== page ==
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When we think about science, we might think about the chemistry or biology class we took in high school. Maybe we think about non-profit organizations dedicated to saving endangered animals, the nature documentary we watched last weekend, or the museum we visit with our kids on rainy days. Do we think about the society we live in as one based on science? Do we think about the scientific process and how it contributed to improve our health and well-being? It’s unlikely. Though Canadians live in a science-based society, the manner in which that information is produced and integrated into our systems – of food production, education, government, resource extraction, etc. – are hidden from plain view.
That science has been hidden from plain view for decades has made it something both embedded into our systems and something of which many Canadians are not familiar or even aware. The result of what was initially designed to be a mutually-beneficial relationship has resulted in something for which many Canadians are not aware that they are paying for, nor benefitting from. And as we learn more about science and the world around us, we can also better understand the role, value, benefits, and limitations of the scientific enterprise in order to critically analyze the system we have created and modify it to ensure it is fit for purpose.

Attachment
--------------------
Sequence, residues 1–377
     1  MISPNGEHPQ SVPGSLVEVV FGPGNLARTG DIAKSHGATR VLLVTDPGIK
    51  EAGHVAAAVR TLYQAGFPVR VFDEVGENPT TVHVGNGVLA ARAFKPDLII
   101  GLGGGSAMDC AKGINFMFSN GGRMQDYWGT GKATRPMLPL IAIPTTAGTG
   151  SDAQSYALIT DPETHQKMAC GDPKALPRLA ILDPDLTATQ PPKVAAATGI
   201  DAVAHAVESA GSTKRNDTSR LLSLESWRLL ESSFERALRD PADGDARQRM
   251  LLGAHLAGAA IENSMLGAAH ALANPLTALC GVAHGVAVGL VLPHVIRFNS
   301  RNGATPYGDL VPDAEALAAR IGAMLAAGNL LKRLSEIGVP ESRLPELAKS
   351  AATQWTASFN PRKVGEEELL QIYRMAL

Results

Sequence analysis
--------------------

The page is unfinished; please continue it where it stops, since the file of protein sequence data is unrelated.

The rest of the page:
It’s time to reflect on the role, value and purpose of science in Canadian society, and to ask ourselves: What is the rightful place of science, in Canada?
This paper is the capstone of that research project, both capping off and knitting together the nine individual papers that round out the results of this project. It outlines a new framework for science in Canada.
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